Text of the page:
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17th TPiE starts on a stormy note, section of members staged walkout over a Kalon nomination, still want supreme justice commissioners out

(TibetanReview.net, Oct11’21) – The two-day session of the 17th Tibetan Parliament in Exile (TPiE) began on a stormy note on Oct 11 with the members rejecting an amendment to the Charter of Tibetans in Exile, confirming only three of six names proposed by the Sikyong (President) as Kalons (Ministers) of the Central Tibetan Administration CTA) and 19 members staging a walkout over a candidate’s nomination for Kalon.

A bill to amend Article 63(2)(c) of the Charter of Tibetans in Exile on the qualifications for appointment as a justice Commissioner of the Tibetan Supreme Justice Commission was thwarted by a section of the members on the unrelated issue of the legitimacy of the current justice commissioners’ continuance in office. They refused to discuss the bill, both directly and by obvious implication, saying so long as the current justice commissioners continued in office, they will not discuss the bill. With only 20 of the 45 members agreeing to discuss it, against the requirement of at least 30, the bill stood rejected.

Sikyong Penpa Tsering then made six nominations for confirmation as Kalons of the CTA. The three women nominees were confirmed. Norzin Dolma won 27 “yes” votes against 18 “no’s”. She is a former head of the Tibetan Centre for Human Rights and Democracy. Changra Tharlam Dolma also won 27 “yes” votes against 18 “no’s”.  She is a former school teacher and school administrator. And Dolma Gyari, a former Kalon and TPiE members, won 30 “yes” votes against 11 “no’s”.

Thupten Lungrig, former Kalon and TPiE member got 18 votes while Tsultrim Dorje, a school teacher won 13, both falling short of the simple majority of 23 needed for confirmation.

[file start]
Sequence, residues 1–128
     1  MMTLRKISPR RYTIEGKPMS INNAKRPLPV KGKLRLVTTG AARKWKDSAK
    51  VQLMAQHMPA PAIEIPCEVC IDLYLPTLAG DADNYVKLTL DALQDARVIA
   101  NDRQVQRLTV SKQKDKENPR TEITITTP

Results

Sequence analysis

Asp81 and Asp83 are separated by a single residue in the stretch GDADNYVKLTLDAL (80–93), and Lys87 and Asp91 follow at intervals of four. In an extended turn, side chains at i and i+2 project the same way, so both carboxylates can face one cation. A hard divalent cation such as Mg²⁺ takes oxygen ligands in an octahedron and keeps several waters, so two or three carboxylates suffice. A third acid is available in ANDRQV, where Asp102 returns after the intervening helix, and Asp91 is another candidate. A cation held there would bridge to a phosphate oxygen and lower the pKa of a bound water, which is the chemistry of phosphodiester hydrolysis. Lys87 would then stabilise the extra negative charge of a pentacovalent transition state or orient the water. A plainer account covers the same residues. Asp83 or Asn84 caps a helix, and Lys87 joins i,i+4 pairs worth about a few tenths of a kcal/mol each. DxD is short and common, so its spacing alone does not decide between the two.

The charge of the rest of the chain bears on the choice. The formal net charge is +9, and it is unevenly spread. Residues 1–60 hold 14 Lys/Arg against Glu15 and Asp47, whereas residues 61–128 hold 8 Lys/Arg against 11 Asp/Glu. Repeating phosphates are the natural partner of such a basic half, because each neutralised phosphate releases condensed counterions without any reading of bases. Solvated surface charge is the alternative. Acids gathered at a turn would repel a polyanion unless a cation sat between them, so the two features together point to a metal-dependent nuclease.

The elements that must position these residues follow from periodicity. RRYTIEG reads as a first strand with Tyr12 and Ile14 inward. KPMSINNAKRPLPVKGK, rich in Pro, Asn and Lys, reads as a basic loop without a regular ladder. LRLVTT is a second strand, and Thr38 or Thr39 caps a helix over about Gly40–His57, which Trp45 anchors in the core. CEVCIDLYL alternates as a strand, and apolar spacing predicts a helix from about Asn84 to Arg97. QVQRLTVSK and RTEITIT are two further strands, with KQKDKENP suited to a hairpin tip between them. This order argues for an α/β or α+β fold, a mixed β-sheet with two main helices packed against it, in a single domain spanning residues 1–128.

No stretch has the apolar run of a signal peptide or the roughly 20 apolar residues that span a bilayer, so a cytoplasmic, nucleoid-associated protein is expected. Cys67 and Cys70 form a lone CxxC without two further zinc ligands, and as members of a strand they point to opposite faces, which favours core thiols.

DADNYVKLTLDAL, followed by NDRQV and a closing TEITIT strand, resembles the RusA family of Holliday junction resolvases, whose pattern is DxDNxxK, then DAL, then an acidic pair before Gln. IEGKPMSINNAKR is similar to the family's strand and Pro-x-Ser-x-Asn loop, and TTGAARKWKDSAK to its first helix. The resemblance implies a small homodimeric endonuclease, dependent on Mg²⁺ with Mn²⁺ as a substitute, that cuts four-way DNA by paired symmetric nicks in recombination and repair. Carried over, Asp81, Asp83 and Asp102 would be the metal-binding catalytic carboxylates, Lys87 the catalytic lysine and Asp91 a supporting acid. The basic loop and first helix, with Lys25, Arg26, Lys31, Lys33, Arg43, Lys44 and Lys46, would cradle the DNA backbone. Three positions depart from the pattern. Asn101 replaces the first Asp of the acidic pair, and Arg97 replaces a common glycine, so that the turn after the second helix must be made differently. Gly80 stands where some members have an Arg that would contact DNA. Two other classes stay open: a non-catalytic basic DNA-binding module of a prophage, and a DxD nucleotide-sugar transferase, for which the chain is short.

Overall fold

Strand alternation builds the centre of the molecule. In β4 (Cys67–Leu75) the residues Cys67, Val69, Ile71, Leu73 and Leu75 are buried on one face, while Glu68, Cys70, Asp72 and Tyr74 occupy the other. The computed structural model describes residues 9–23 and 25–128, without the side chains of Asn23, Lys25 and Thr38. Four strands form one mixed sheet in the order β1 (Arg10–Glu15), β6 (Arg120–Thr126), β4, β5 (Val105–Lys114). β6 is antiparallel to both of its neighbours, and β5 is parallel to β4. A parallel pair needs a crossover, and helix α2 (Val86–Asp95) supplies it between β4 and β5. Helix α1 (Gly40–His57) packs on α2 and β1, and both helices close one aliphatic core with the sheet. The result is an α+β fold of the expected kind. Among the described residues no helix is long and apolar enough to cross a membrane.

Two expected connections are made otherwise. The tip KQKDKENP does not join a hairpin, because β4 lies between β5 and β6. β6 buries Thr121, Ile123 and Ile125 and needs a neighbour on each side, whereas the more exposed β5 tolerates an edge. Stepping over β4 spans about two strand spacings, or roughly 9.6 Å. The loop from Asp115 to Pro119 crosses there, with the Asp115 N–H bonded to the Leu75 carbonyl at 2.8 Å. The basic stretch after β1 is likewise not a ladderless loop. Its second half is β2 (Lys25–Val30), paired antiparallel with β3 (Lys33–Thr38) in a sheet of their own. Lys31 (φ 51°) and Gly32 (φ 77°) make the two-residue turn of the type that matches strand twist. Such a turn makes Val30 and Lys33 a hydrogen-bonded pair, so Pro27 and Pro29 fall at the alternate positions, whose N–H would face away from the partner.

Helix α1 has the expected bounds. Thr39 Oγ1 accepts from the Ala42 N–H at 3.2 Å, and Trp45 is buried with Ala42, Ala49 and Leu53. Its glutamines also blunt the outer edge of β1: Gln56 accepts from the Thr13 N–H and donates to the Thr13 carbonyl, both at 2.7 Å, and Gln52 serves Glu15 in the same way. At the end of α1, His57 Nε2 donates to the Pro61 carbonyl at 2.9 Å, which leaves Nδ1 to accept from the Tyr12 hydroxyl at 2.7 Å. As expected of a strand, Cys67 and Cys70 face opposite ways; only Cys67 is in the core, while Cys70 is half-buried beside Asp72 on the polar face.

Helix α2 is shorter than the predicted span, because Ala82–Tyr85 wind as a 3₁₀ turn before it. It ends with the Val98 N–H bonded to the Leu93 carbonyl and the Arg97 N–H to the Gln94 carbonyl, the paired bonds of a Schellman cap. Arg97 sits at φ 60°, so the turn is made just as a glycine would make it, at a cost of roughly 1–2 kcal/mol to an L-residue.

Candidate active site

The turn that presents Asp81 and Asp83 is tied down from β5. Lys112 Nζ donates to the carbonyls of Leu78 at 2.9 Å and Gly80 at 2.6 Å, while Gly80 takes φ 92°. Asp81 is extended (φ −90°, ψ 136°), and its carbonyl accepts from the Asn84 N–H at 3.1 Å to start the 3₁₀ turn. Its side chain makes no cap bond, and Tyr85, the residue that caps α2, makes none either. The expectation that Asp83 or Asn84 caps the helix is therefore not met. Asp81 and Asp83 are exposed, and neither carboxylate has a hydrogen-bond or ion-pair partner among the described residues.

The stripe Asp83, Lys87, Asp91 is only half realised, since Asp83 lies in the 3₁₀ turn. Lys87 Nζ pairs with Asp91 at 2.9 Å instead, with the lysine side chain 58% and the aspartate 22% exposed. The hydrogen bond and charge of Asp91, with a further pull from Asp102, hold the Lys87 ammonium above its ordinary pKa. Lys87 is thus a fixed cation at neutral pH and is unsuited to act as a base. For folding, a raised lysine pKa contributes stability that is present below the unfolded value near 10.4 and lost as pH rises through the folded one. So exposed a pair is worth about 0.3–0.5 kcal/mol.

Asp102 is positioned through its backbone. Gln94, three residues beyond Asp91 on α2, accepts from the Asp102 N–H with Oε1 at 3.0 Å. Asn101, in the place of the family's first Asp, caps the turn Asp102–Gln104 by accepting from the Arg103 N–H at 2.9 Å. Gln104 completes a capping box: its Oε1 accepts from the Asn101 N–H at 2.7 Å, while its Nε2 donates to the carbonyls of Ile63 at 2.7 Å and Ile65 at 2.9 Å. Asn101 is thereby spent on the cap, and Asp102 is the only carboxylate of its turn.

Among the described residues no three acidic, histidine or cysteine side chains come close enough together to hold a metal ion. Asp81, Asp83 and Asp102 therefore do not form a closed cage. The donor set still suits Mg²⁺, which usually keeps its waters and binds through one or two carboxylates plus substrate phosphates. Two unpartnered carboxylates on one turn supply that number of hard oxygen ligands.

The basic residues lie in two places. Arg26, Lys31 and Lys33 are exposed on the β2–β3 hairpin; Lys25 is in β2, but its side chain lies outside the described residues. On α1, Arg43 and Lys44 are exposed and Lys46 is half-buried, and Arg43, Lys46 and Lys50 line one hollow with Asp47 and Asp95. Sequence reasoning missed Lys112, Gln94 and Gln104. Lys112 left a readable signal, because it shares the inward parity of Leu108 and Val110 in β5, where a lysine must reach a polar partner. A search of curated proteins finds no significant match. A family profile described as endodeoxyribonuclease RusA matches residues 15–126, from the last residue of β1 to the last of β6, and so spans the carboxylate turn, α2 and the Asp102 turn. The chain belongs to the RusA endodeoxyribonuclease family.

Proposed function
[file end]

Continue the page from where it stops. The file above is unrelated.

Dotoe members Serta Tsultrim rose to react with anger when the name of current U-Tsang TPiE member Ngodup Dorje, a retired career CTA officer, was nominated for a Kalon post. His objection was over a remark the candidate was alleged to have made during the nearly four months of a section of the elected candidates’ failure to take their oath of office for the 17th TPiE. He led a boycott of the meeting by 19 members of his apparent faction. The meeting then fell short of the required minimum of two-thirds quorum and was rendered unable to conduct business.

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Earlier, following the resolution of the issue about the continued viability of the Charter of Tibetans in Exile, thanks to an advisory from His Holiness the Dalai Lama which affirmed its sanctity, the 17th TPiE constituted its first Standing Committee on Oct 10 and held the first of its two-day session on Oct 11.

The Standing committee members were allocated their committee portfolios, of which there were three: Finance, Political, and Administration. The Standing Committee is made up of two members from each of the three provincial constituencies and one each from the five religious constituencies.

The session began with the members “pledging to firmly resolve the political issue of Tibet peacefully, resolve human rights and environmental crisis in Tibet, and oversee the welfare of Tibetans in exile,” as reported by the CTA on its Tibet.net website Oct 11.

Eight official resolutions of mourning to condole the demise of two former Tibetan parliamentarians and some prominent Tibet supporters were stated to have been tabled.

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With the recent divisive politics that were behind the failure to constitute the 17th TPiE for nearly four months fresh in mind, Speaker Khenpo Sonam Tenphel had hoped the new parliament would live up to the hope and confidence vested in them by the Tibetan people. 

The Speaker had urged the members to respect each other’s opinions while maintaining morality and unity throughout the two-day session. He has also advised the members against making divisive remarks for the sake of the harmony of the Tibetan community.

The TPiE usually meets twice each year, one in March to debate and approve the annual budget of the CTA and the other in September to discuss reports of the departments of the CTA, each one typically lasting around 10 days.

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